Green Lantern Corps has always been the secondary title for the Green Lantern series and Peter Tomasi has written a bulk of it. GLC mainly focuses upon the other Earth lanterns and side stories of the corps. Its current focus is on John Stewart and Guy Gardner and Tomasi is a choice candidate for a reboot of Guy’s origin. It tells two main stories, his relationship with his father and family intertwined with his first true lantern mission. As a background it is worth noting that Guy is a douchebag. He has always been loud, obnoxious, cocky, and reckless but most importantly his short fuse and predilection to violence makes him angry and unpredictable. He is generally disliked by all but this book shows why he may just be the truest and most interesting lantern.
Tomasi writes an interesting tale, balancing two corresponding stories well. Guy is a disgrace to his father because he was kicked out of the Baltimore police for the loss of innocent lives. Guy maintains his innocence but I genuinely believe it probably was his fault. Guy’s shame and anger is reflected through his fight with his father and is written with passion. Tomasi writes the dialogue sequences well, adding humour to the first meeting between Guy and Hal, and then lets the artist do their job for the action. I am not familiar with Fernando Pasarin’s work, but his work on this book is good in two important ways. Guy is an emotional character and his facial expressions always need to be vivid. This is portrayed excellently especially with his smugness, cheekiness, shame and singularly for Guy’s most essential feature, anger. Guy’s rescue sequence is brilliantly portrayed with convincing action as the sound effects and bullet-firing art is very dynamic. Guy’s capability and determination really shines though in this book.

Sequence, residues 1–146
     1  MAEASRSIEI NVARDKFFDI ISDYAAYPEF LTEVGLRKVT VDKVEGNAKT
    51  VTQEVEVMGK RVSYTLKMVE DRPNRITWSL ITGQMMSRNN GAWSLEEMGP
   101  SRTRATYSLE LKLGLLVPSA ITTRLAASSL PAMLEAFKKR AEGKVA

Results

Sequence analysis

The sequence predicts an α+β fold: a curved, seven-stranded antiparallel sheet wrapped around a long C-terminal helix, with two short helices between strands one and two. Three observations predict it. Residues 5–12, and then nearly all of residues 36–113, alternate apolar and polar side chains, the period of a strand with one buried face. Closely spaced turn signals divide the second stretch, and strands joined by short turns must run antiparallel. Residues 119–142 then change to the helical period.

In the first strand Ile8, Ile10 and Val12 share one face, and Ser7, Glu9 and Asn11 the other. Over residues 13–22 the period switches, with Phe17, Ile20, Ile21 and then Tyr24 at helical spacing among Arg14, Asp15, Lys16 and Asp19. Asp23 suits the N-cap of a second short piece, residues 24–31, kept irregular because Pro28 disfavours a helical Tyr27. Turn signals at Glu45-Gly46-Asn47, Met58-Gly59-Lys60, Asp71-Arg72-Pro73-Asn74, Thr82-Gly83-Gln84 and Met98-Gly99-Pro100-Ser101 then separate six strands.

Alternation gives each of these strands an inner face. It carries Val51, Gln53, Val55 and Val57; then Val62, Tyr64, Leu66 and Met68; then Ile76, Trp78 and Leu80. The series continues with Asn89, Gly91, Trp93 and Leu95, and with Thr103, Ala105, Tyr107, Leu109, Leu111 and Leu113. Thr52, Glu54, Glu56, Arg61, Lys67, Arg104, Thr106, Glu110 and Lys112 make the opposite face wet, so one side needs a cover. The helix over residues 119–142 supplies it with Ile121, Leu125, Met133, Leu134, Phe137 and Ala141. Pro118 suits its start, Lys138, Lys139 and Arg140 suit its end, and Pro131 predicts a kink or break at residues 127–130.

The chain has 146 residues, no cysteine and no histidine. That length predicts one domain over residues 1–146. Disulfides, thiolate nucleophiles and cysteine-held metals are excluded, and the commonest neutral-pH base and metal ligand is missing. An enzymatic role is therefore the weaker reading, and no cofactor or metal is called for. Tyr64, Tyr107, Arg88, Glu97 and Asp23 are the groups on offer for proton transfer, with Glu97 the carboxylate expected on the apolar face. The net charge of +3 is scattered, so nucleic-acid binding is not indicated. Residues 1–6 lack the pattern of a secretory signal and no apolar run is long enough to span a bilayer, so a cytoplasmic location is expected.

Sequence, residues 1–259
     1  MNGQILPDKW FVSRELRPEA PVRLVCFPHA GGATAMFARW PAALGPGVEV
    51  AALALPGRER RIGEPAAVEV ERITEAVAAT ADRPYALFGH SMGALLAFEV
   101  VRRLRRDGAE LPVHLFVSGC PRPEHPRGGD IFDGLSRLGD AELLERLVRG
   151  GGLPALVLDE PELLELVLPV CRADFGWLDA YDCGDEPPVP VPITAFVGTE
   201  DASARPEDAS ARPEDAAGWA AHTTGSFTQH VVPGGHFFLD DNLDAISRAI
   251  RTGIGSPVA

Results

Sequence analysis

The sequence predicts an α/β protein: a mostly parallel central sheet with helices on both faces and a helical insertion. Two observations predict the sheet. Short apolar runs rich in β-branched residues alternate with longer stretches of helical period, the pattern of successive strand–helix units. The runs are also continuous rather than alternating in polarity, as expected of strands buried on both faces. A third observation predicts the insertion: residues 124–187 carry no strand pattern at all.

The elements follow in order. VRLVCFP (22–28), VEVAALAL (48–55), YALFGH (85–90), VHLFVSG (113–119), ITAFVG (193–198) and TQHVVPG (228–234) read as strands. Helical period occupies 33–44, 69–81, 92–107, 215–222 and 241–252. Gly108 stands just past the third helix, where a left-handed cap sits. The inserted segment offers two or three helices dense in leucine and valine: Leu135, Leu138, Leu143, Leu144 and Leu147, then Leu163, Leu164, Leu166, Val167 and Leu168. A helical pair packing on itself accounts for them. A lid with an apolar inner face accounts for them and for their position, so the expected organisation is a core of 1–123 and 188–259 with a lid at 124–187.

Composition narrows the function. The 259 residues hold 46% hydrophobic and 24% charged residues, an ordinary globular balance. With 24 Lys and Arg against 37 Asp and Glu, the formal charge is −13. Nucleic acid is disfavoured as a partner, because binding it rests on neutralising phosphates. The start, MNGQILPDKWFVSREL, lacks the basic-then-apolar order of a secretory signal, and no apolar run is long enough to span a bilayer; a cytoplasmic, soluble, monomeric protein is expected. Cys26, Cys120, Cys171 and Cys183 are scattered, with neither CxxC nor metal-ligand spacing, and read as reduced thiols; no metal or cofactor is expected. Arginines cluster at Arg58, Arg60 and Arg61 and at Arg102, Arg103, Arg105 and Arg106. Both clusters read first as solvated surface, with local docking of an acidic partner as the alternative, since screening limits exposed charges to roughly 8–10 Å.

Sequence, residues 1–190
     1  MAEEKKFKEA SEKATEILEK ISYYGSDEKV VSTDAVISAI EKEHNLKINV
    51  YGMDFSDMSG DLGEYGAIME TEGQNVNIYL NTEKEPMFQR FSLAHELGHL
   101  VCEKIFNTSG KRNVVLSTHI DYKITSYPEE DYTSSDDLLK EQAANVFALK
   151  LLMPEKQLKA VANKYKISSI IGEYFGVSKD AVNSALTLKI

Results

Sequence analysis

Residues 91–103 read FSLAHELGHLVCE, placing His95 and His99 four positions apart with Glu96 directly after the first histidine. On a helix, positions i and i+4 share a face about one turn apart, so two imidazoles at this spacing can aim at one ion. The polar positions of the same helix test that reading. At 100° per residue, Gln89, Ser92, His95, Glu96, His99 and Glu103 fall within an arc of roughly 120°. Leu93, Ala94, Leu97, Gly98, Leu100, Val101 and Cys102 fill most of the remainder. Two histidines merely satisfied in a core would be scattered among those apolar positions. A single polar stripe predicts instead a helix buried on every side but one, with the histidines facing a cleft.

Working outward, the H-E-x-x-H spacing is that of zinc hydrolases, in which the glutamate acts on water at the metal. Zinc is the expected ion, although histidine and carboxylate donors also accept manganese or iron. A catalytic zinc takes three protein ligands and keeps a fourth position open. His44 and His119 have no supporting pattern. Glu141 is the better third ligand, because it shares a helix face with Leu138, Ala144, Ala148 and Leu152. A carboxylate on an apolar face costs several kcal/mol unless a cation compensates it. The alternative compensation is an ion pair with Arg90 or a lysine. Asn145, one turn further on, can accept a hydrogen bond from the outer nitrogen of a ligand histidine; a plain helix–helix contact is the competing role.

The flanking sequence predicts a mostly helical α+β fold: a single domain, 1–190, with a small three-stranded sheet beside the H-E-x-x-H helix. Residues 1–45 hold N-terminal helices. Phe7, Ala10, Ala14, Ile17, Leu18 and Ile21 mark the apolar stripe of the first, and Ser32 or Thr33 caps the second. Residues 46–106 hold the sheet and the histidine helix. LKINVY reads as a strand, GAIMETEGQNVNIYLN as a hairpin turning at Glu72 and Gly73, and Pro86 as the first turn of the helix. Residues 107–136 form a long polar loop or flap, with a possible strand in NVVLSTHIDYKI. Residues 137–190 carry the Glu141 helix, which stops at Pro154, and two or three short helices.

This book successfully delivers Guy’s character to the reader. He is always trying to prove himself whether it was when he was the star college football player, a Baltimore cop living up to his father’s legacy or the support Green Lantern to Hal Jordan. He was never as good as he thought he was and injury and recklessness cost him his sporting career and his job. He continues with a macho bravado and cockiness but this is clearly a charade as he buries his emotions deeply. This is very apparent over the last couple of years in the Green Lantern arcs with his friendships with Kyle and John and his love of Ice. He has mass quantities of loyalty, dedication and love to give. This book covers all of these character traits, especially his passion for his family, shame of his past and his determination to be a hero. Overcoming adversity and previous transgressions gives meaning to Guy’s will, which is why he was chosen as a Green Lantern and why he is my favourite lantern.
Guy is my GL 9/10